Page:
Saturday, November 25
I am reviewing some submissions to a conference. These are supposed to be anonymous, but some people are not very good at anonymizing their manuscripts. I figure the goal of anonymity is that the reviewer not be biased by the identity of the author. So I then figured, once I have made a decision about a submission and the author was sloppy enough to leave their name in, it's not that big a deal to look them up. (Or is it?) To be honest, my main motivation came from intellectual curiosity. I had no idea what the proposal was talking about and was eager to see whether reading up on the person and their work would give me a better understanding. (And when I say I didn't understand the writing, I don't mean that it was too high level. It was simply incomprehensibly bad.)

So I looked up one such person the other day, a "Prof. Somebody" as noted by the author in the text itself. (First of all, who refers to either themselves or their advisor as "Prof. Anybody" in the middle of a paper?)

It turns out that this person is not a prof, but a student! So why refer to oneself as Prof X? I know, I know, to make the product seem more worthy. It was crap regardless so it doesn't matter. But what bs! I can't believe people pull this kind of crap. And of course, I can't say anything to anybody since it is an anonymous process. (Thanks to a.secret for providing an outlet though!)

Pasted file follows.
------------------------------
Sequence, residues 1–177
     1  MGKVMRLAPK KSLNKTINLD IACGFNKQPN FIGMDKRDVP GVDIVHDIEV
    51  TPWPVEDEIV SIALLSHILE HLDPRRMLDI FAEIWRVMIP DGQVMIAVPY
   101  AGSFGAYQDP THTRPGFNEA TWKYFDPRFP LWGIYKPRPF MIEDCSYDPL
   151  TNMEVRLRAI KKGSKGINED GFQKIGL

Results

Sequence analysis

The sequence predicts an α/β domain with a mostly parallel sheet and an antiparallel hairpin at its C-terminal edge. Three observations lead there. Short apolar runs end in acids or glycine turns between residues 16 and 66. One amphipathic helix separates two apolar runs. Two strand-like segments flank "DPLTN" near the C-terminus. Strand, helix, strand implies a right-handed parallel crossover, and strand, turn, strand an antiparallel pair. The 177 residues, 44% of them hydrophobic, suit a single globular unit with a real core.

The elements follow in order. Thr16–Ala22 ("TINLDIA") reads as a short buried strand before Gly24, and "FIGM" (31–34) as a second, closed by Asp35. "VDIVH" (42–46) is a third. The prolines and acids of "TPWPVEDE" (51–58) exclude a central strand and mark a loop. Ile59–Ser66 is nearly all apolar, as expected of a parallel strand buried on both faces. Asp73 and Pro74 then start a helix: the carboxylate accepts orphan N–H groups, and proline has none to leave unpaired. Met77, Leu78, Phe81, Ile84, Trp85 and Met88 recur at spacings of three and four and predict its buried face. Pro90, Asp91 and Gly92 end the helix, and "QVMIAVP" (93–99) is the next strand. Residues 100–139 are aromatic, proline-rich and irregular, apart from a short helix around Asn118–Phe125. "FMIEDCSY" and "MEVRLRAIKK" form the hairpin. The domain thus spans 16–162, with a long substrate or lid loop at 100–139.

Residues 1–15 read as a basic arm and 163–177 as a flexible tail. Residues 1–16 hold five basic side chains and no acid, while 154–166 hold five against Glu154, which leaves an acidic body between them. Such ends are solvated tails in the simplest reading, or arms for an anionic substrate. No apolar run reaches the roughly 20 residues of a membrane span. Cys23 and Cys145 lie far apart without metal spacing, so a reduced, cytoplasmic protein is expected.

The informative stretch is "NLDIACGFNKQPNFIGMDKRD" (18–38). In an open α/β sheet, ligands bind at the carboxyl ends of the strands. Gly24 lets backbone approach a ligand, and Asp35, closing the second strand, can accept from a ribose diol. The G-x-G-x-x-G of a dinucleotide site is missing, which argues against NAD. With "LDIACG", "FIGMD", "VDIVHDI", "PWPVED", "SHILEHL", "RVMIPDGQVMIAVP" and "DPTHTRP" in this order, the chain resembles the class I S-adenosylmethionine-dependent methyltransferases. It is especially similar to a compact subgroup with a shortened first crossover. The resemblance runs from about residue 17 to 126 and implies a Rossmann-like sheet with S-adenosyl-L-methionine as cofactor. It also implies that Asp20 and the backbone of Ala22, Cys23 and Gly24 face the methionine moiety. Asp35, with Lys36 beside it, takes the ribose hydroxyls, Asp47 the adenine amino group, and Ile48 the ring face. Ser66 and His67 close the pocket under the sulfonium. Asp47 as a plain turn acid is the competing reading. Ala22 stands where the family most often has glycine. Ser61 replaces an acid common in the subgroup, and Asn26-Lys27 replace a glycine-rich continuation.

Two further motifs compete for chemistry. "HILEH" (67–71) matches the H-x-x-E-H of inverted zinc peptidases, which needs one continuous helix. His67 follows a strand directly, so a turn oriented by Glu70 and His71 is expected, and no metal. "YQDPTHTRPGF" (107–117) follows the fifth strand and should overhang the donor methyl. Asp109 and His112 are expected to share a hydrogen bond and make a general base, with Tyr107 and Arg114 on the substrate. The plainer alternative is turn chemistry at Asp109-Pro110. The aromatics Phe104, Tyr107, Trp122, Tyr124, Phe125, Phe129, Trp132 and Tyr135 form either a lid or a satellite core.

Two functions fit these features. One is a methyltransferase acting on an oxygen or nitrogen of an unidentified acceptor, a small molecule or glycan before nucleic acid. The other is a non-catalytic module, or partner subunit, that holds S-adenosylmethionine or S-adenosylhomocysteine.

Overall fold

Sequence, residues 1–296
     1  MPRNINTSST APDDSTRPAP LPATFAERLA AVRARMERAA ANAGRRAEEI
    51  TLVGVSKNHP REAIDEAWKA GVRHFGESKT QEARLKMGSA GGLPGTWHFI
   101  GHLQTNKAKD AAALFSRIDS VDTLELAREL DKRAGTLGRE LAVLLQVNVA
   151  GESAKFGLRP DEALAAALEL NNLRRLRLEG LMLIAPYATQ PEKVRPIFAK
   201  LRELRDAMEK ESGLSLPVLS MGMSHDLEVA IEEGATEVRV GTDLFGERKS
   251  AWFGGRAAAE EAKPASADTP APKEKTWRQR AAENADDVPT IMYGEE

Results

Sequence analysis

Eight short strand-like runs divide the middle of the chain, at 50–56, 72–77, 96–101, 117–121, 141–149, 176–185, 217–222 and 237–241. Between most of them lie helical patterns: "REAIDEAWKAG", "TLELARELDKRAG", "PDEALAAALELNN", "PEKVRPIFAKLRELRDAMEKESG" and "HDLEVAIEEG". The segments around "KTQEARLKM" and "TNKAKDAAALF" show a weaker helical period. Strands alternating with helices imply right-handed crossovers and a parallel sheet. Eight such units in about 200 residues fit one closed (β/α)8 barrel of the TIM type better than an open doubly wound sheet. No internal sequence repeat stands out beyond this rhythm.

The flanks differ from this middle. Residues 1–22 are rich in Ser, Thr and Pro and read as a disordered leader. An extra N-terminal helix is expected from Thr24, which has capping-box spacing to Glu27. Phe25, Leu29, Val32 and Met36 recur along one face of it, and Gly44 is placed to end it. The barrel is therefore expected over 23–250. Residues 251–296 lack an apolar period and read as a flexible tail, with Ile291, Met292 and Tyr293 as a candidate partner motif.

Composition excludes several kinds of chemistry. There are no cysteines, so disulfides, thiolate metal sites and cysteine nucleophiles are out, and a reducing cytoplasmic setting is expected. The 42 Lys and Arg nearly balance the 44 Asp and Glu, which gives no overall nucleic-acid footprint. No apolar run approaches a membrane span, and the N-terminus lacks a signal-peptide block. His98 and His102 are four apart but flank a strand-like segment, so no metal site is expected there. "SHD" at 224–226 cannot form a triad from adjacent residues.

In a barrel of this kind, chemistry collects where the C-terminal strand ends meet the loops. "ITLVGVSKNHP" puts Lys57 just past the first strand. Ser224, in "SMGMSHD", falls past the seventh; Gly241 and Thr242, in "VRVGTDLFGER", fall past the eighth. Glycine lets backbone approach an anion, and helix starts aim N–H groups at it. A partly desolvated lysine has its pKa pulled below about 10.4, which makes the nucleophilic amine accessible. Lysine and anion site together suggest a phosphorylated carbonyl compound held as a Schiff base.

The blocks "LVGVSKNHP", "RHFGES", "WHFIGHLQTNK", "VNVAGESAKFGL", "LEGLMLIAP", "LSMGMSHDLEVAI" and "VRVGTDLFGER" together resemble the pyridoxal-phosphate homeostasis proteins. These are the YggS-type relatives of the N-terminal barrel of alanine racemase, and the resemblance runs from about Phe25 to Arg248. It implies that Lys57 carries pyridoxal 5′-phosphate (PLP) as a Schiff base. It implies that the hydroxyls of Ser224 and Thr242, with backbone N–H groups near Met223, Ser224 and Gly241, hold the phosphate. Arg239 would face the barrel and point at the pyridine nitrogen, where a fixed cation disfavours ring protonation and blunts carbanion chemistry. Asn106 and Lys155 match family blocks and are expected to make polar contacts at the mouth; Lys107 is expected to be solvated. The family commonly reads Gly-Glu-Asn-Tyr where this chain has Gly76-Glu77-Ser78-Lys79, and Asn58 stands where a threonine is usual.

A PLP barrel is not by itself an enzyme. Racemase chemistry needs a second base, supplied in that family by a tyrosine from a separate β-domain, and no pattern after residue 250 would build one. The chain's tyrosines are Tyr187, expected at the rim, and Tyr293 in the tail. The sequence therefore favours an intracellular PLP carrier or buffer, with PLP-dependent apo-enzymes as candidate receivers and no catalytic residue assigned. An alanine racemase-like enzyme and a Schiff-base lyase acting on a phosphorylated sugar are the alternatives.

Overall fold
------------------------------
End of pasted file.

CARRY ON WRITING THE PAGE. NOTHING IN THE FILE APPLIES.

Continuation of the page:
strawberries said...

is the person from outside the US? because in different systems/countries the titles assigned to ppl based on education are often different than ours.

that is the only possible reason i can think of. and yah, that is pretty dumb.

fraud, in denim said...

I wonder if he or she knows. I think back to all the lame things I did as I was going through the professionalization process and it's really, really scary.

Can you tell if the author is a new or seasoned grad student? Is it themselves that they're referring to as professor, or is that just how they write instead of saying "Fraud asserts...," they're saying, "Professor Fraud asserts..."? Myabe the author didn't do enough homework to realize the author of the work he or she is citing is still a grad student?

Navy Blue Blob said...

It was self-referential. I didn't realize that until I checked. The person referred to the data being collected under Prof X's guidance (or some such phrase) and then it turned out that this person is Prof X.

Yes, the person is likely from another country/culture. But they are attending graduate school in North America. So I don't think the culture card works here. Or if it does, until when? How long after someone's been in this system is it not okay to do this anymore? (But seriously, are there really cultures where you go around calling yourself Prof. Navy Blue Blob even when you're a grad student?)

strawberries said...

yah, the term prof. can often refer to teachers of high school in other countries. so maybe the person doesn't know yet?

but yah, he should find out soon...